The Vatican Gardens

Vatican Gardens: the green heart of the Vatican

Kept secret and confidential for many centuries, today the gardens are open to visitors with a new Roma Cristiana mini Open Bus experience. A visit to the gardens of the smallest country in the world, and discovering its treasures through a modern audio guide full of explanations, insights, interesting facts and anecdotes.

Enriched over time by various popes, the Vatican Gardens tell the history of many centuries of the Papacy and represent a wonderful encounter between nature, art and faith. Here you will find nature, cared for by man’s love, intellectual work of many artists and the faith of those who have inspired and wanted the creation of this wonderful space.

Flowers and Mediterranean plants live alongside exotic species from various continents, plush lawns, century-old trees, hedges and even a small forest as well as the reproduction of a cliff. Together we will discover the works of art surrounded by greenery: temples, small houses, caves, fountains, towers, ancient walls, statues and archaeological finds. In addition, the many sites devoted to Mary and works commemorating the events and places related to the history of the Catholic Church. You will discover that each pope has experienced the gardens in a different way: each chose this place to meditate, to collect their thoughts, to enjoy the beauties of nature.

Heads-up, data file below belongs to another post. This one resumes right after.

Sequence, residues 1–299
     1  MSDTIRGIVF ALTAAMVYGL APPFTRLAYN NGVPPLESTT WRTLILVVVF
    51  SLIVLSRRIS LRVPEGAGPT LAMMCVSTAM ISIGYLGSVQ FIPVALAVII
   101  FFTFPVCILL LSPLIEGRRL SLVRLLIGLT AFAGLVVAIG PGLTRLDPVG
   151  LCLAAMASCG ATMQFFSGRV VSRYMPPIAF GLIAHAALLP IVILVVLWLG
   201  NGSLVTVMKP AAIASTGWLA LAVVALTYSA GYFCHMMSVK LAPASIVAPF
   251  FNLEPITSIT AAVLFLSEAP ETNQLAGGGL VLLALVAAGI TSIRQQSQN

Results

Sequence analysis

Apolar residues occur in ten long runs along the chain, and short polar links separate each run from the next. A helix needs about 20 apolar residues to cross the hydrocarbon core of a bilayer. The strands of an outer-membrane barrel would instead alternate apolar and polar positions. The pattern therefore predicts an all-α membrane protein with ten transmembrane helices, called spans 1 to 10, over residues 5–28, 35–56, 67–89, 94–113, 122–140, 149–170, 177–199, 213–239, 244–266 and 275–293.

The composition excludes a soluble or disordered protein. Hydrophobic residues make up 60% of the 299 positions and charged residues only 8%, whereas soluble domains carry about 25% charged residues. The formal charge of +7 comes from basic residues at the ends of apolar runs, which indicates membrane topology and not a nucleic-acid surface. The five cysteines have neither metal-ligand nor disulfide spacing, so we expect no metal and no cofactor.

Please note that to access the Vatican Gardens on board the mini Open Bus Experience, you must meet at the St. Peter’s ORP office (Piazza Pio XII, 9) 15 minutes before the previously selected and confirmed time.

A Bit of History

Created in the 13th century under Nicholas III’s order, which returned the papal residence from the Lateran to the Vatican, the gardens are where the Holy Father loves to walk, rest and meditate. They are an oasis of peace and tranquility. Within the new walls, which were erected to defend his residence, the Pope commissioned an orchard (pomerium), a lawn (pratellum) and a proper garden (viridarium). This first part was created near the Sant'Egidio hill, which now houses the Palace of Belvedere and the courtyards of the Vatican Museums.